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Updated 24 May 2018

Why digital isn’t enough to attract (and keep) every customer

Social media accounts, apps and online assistance (hello chatbots) are good for keeping up with the connected consumer. But what about those who value old school engagement? Are you leaving them by the wayside? 

Diana Albertyn, Entrepreneur, 13 September 2017  Share  0 comments  Print

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All the answers to your unique business lifestage questions

Your local supermarket in your childhood suburb may look different from where you live now, but you like both stores, because aside from the technological facelift in your current neighbourhood, it’s still the Spar, Pick n Pay or Checkers you know and love.

As a franchisee, you need to consider your local customers before adopting costly technology in the name of advancement. Not everyone is going to appreciate your ‘improvements’ and you need to be able to survey your market before abandoning the old in favour of the new.

“No matter the generation, consumers will remain loyal to a retailer based on the type of experience they have visiting a store,” says Bob Feher, Analyst Relations & Market Inteligence at NCR Corporation.

While your franchise competes with the growing e-commerce market, add new technologies that focus on developing a unique in-store experience to your list.

Gen Z may be a buzzword, but a large amount of your consumers with money to spend today feel that nothing beats the in-store experience.

Related: 3 Ways to stimulate skills transfer in your franchise from day one

Prove them right by encouraging and implementing the following in your store:

Inclusive improvements

A fast and efficient customer experience across all platforms – in-store, mobile and online – may increase your store’s appeal from a fast and digital perspective, but the unintended consequence of this approach is alienating other customers that may perceive this experience as rushed and unattractive, taking their business elsewhere.

“One tactic retailers are using is implementing smaller store layouts to help reduce customer confusion and anxiety levels when shopping,” says Feher.

“Reader-friendly digital signage is also being implemented in stores to help older customers adapt and easily navigate the space.”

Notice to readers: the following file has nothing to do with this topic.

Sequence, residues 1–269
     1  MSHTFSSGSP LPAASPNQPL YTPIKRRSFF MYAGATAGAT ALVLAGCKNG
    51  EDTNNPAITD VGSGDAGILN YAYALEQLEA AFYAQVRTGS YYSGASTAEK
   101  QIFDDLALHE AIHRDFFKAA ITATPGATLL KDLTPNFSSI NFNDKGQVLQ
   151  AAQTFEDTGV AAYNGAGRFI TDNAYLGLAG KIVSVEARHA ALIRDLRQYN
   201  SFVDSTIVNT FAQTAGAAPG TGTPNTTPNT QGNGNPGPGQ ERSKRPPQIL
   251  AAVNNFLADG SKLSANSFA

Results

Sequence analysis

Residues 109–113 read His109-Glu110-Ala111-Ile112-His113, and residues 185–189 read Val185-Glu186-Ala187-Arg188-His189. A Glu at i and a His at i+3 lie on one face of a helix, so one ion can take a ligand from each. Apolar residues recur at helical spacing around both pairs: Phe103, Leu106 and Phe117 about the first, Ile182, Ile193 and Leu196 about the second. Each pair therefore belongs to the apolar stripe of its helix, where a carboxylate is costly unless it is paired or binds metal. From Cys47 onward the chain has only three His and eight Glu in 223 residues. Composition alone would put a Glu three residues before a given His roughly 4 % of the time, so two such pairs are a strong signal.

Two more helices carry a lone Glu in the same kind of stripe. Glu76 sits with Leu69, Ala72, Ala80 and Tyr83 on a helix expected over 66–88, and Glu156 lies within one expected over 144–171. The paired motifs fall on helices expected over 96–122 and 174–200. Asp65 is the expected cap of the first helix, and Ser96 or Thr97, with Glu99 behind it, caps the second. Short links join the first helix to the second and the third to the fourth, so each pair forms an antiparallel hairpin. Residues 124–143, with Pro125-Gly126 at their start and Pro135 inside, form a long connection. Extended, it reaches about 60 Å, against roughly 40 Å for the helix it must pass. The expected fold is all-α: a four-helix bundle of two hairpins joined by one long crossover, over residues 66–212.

It’s possible to appeal to both new and familiar customers by offering the best of both worlds, instead of a implementing a complete digital overhaul in favour for a segment of your clientele at the expense of the other.

An exclusive experience

While your online portal and app is amazing, people come into the store because they know your staff and where to find specials, and to perhaps say hi to the manger.

“Customer engagement comes in many shapes and sizes,” says Sara Sugar of ShopKeep. “Whether it’s an employee remembering a customer’s coffee order or the specific bottle of wine they bought for a dinner party last month, customers want to know that retailers are paying attention to them and their shopping habits.”

Personal interaction with customers and familiarity with their shopping habits is pivotal to providing a seamless, personalised in-store experience,  that's right for your market in your specific franchise.


Store-savvy staff

In addition to training your staff to leverage technological tools, such as cloud-based POS software, they need to be personable and interact with customers.

Related: Can a teacher own a successful business?

“Consumer data and analytics, when combined with friendly, face-to-face service, allows employees to create a sense of value and familiarity for in-store shoppers,” says Sugar.

“In the long run, in-store engagement is not only beneficial for the customer, but for the store owner as well.”

Offering the right mix of solutions at your store creates a diverse and all-encompassing experience, bringing in repeat customers, notes Feher. Friendly staff that smiles at customers as they walk in and knows the answers to every question helps you to better connect with customers. 


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About the author

Diana Albertyn, Entrepreneur

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